You've heard of Tim Pawlenty, Bobby Jindal, and Chris Christie, but you may not even recognize the name Gary Johnson. Like the first three, he was a Republican governor (of New Mexico for eight years in the 1990s) and is a potential contender for the GOP's presidential nomination in 2012. He's considered by many to be a genuine Tea Party candidate.
So, what makes Gary Johnson a possible Tea Party candidate?
He's probably the only governor in either party who can actually say that government didn't grow under his tenure. Despite governing a state with a heavily Democratic legislature that was determined to grow the state government, Johnson presided over the longest period in New Mexico's history with no tax increase. Furthermore, the state had 1000 fewer employees at the end of his eight years, with no firings, and Governor Johnson vetoed 750 separate bills (more than the vetoes of all 49 other governors over the same period combined). He says if the state legislature hadn't fought him every step of the way, he would have cut taxes and created a state-wide voucher program for K-12 education.
Now he has his eye on the White House according to the St. Petersburg Times, which reported Monday that Johnson was testing the Florida waters for a presidential bid, traveling throughout the key battleground state and campaigning on a platform of less government, lower taxes, and decreased spending.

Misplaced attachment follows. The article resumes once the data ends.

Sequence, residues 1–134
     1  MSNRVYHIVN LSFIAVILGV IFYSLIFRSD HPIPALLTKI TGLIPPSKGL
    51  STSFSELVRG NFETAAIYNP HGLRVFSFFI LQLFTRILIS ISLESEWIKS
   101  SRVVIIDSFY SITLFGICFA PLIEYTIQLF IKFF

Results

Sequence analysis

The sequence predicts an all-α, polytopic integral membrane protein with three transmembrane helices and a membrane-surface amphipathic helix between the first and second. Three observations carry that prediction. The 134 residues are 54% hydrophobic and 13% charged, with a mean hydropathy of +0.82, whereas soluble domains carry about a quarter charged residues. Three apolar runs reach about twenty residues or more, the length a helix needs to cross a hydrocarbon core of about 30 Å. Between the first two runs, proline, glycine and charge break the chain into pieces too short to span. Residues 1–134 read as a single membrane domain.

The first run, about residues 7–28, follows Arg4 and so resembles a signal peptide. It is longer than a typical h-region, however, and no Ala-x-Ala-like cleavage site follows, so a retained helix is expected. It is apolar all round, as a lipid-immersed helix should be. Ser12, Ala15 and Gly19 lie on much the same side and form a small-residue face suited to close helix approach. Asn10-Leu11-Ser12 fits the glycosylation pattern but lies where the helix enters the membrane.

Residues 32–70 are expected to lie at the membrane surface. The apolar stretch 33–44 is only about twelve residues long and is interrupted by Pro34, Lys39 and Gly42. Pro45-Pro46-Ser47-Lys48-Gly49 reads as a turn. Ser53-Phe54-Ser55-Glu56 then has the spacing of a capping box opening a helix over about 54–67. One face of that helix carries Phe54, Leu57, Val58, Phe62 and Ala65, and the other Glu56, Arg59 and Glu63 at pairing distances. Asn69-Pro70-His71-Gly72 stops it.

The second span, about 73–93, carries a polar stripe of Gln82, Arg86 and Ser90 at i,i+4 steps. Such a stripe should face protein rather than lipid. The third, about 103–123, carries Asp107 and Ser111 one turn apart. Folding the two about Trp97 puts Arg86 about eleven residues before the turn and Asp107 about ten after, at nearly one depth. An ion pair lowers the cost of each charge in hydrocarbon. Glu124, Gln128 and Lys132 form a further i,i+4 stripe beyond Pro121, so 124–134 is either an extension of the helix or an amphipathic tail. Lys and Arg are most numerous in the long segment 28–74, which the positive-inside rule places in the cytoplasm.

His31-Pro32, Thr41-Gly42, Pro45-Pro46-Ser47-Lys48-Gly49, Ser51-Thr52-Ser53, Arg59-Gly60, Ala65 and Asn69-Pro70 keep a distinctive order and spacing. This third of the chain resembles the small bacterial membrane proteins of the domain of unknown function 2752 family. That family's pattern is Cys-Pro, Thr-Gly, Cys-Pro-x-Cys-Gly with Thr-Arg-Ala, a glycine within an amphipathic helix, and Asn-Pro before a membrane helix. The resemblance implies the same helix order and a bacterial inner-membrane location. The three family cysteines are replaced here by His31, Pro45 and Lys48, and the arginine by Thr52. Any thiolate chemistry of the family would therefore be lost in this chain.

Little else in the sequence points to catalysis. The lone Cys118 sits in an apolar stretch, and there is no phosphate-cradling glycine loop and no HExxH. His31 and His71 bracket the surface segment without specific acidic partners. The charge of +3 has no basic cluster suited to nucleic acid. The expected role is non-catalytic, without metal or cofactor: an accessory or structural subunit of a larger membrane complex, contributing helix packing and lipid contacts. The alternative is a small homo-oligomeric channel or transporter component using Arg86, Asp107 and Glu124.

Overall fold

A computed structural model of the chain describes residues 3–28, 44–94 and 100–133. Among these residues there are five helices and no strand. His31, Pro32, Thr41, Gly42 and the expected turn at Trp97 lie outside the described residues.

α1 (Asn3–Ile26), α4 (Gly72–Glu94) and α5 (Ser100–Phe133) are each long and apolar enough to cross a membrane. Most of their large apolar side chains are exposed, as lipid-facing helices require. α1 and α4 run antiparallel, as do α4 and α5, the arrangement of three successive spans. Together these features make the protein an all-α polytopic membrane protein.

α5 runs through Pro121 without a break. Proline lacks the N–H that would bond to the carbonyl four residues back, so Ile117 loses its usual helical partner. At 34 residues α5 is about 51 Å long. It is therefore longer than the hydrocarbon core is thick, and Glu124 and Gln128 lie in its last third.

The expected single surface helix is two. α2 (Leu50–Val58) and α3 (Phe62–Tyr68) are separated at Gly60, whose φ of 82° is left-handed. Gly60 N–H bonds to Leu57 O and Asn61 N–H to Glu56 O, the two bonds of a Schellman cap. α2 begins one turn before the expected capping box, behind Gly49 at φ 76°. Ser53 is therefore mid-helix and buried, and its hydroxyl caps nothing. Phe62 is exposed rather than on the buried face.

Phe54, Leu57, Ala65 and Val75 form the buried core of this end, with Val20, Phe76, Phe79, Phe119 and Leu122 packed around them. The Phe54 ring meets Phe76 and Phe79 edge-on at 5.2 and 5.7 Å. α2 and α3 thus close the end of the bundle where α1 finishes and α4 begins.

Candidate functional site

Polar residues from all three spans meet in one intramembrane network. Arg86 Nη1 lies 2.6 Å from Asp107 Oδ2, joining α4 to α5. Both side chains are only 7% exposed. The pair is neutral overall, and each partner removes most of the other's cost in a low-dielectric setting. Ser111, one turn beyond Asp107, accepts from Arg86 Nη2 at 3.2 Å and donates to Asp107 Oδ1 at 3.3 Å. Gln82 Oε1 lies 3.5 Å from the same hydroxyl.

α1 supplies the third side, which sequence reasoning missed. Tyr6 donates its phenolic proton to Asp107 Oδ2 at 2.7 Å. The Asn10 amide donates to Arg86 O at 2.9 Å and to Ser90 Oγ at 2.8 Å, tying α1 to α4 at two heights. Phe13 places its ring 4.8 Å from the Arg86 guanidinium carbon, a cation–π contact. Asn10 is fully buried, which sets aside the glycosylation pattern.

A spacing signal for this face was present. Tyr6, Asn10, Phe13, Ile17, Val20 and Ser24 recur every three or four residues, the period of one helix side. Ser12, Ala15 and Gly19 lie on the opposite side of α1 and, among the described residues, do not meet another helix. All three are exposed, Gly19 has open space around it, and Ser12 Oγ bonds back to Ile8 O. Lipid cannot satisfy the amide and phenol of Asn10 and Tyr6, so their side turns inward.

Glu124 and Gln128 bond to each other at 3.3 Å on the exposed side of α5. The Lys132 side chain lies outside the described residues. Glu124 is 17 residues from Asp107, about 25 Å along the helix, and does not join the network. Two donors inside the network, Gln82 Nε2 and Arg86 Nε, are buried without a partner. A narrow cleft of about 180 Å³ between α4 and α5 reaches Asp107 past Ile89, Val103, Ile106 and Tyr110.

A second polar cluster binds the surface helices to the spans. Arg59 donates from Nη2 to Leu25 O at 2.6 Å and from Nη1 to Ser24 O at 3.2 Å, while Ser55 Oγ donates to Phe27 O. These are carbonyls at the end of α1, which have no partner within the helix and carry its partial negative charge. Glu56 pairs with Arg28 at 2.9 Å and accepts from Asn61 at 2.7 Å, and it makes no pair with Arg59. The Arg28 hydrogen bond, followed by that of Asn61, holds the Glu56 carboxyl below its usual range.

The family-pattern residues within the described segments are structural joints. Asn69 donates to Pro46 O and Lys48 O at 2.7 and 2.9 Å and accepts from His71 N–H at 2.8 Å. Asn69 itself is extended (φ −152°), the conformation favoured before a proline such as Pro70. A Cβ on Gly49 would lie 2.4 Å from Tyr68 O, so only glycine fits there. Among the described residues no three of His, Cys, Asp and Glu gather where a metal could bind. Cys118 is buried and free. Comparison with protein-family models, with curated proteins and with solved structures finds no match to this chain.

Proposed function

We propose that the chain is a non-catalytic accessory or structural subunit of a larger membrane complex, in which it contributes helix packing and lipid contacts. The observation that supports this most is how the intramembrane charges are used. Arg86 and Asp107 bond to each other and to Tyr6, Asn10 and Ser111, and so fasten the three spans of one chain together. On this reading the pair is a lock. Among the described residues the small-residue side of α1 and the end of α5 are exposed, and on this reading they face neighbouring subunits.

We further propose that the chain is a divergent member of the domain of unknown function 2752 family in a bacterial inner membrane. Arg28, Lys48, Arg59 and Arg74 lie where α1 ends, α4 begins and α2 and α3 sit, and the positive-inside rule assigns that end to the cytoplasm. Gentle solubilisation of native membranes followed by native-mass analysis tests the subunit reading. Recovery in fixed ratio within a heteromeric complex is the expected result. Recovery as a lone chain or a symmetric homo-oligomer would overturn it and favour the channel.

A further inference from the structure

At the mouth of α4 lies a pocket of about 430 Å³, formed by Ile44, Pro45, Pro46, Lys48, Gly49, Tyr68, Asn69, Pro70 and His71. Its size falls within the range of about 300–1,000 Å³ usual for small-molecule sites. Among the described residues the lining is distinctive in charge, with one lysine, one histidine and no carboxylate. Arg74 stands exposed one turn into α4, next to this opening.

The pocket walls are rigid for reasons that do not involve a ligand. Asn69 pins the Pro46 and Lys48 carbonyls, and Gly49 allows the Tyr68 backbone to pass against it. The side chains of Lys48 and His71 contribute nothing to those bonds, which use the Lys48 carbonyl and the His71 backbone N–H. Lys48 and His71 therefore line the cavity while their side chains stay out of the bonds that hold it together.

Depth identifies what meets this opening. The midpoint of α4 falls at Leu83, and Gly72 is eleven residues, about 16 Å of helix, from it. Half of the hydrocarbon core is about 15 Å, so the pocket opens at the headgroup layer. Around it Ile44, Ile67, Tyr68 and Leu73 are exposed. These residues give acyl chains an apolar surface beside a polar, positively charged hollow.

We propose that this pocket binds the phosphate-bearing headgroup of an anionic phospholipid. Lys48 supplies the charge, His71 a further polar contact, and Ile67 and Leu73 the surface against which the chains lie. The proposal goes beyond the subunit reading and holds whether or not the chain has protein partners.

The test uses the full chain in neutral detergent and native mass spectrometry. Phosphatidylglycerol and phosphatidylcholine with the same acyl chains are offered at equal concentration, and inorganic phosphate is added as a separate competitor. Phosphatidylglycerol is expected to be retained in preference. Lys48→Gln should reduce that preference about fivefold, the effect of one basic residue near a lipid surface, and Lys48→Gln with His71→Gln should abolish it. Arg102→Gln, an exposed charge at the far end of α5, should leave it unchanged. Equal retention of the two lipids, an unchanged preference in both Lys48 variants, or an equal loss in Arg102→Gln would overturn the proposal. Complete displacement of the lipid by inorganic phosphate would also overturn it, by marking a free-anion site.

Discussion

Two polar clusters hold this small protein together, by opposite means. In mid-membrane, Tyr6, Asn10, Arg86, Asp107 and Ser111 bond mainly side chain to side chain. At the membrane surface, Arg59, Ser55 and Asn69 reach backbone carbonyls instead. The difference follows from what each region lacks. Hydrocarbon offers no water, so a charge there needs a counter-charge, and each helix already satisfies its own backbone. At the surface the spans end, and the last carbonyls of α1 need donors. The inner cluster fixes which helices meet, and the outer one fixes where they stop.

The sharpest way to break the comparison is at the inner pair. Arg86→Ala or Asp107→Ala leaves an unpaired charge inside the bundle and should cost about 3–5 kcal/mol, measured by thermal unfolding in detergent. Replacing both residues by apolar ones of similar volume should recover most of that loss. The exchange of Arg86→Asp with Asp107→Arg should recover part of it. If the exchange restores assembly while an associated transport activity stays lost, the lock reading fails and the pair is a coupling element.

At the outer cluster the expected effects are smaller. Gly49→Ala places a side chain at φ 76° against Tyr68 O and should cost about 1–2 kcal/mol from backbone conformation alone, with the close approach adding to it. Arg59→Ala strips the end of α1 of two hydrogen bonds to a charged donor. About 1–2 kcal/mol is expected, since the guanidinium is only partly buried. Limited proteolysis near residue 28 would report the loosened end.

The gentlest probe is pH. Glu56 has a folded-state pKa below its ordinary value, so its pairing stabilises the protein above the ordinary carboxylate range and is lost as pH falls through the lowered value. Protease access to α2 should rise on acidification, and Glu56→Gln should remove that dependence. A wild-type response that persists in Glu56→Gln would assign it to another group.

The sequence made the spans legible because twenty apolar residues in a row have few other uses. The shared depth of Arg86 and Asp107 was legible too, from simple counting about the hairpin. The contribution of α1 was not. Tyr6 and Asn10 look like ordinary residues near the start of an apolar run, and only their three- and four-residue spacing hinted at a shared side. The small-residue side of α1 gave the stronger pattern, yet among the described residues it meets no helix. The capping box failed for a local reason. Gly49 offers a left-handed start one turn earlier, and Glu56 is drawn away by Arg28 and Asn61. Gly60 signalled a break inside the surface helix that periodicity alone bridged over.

But, Gary Johnson is prescribing less government as the remedy for a lot more than Washington's looming fiscal crisis, he also wants to see cannabis legalized in the United States. After even California rejected the idea by voting down Proposition 19 on the November midterm ballot, Johnson has a tough sell if he wants to stake his campaign on the drug issue. While he makes it clear that he doesn't support the legalization of all drugs- just cannabis- and that he doesn't think it should ever be legal to sell to minors or operate a car while under the influence, Johnson still understands that his position is a difficult one to clearly articulate in a political campaign, saying: "it's not, really, a 30-second sound-bite deal. It's maybe about a three-minute deal."
So why does Gary Johnson insist on making cannabis legalization an important part of his political platform? Go figure- he just believes it's the right thing to do. His argument is that cannabis use is less harmful than alcohol use and that the effects of prohibition are too costly for our civil liberties and for taxpayers.
Johnson also believes that he's just a little ahead of the curve, and that in two years, a majority of Americans will likely support the legalization of cannabis. If he plans to run a major Independent campaign, he might be on the right track, but perhaps the more relevant question to ask is what a majority of Republican primary voters will think about cannabis legalization in two years.
Odds are, they won't like it.